Spacetime interval

Two contrasting viewpoints on time divide prominent philosophers.

One view is that time is part of the fundamental structure of the universe – a dimension independent of events, in which events occur in sequence. Isaac Newton subscribed to this realist view, and hence it is sometimes referred to as Newtonian time.

The opposing view is that time does not refer to any kind of “container” that events and objects “move through”, nor to any entity that “flows”, but that it is instead part of a fundamental intellectual structure (together with space and number) within which humans sequence and compare events.

This second view, in the tradition of Gottfried Leibniz and Immanuel Kant, holds that time is neither an event nor a thing, and thus is not itself measurable nor can it be travelled.

— Wikipedia on Time

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Special relativity declares a similar law for all motion: the combined speed of any object’s motion through space and its motion through time is always precisely equal to the speed of light.

— The Fabric of the Cosmos: Space, Time, and the Texture of Reality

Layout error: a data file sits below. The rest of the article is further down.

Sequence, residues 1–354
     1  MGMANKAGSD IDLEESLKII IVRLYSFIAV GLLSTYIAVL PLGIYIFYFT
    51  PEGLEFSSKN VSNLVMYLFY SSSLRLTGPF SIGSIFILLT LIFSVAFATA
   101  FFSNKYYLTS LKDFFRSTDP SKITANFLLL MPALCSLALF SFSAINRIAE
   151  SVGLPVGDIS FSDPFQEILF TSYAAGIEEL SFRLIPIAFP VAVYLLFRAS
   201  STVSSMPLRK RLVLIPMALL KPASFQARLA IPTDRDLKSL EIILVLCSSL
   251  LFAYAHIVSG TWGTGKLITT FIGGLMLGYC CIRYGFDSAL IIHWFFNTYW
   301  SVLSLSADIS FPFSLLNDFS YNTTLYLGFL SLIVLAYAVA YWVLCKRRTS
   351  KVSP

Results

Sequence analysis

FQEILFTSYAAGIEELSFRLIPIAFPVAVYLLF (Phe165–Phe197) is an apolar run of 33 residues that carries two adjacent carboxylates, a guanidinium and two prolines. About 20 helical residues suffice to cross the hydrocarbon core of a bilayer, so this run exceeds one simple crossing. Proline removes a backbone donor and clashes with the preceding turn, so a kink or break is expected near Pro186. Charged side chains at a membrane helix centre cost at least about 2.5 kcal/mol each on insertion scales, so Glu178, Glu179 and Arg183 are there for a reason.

— Brian Greene

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Space is relative, in the sense that the space interval, \Delta d, (aka distance) between two events can have different values for different observers.

\displaystyle{ \begin{aligned}   \Delta {d} &= \sqrt{{\left(\Delta {x}\right)}^{2}+{\left(\Delta {y}\right)}^{2}+{\left(\Delta {z}\right)}^{2}} \\    \end{aligned} }

Time is relative, in the sense that the time interval, \Delta t, (aka duration) between two events can have different values for different observers.

Spacetime is absolute, in the sense that the spacetime interval, (\Delta s)^2, between two events cannot have different values for different observers.

\displaystyle{  \begin{aligned}  (\Delta s)^{2}  &= (\Delta ct)^{2}-(\Delta x)^{2}-(\Delta y)^{2}-(\Delta z)^{2} \\  &= (\Delta ct)^{2}-(\Delta d)^{2} \\  \end{aligned} }

— paraphrasing The Fabric of the Cosmos

— Me@2020-01-26 12:46:41 AM

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2020.02.03 Monday (c) All rights reserved by ACHK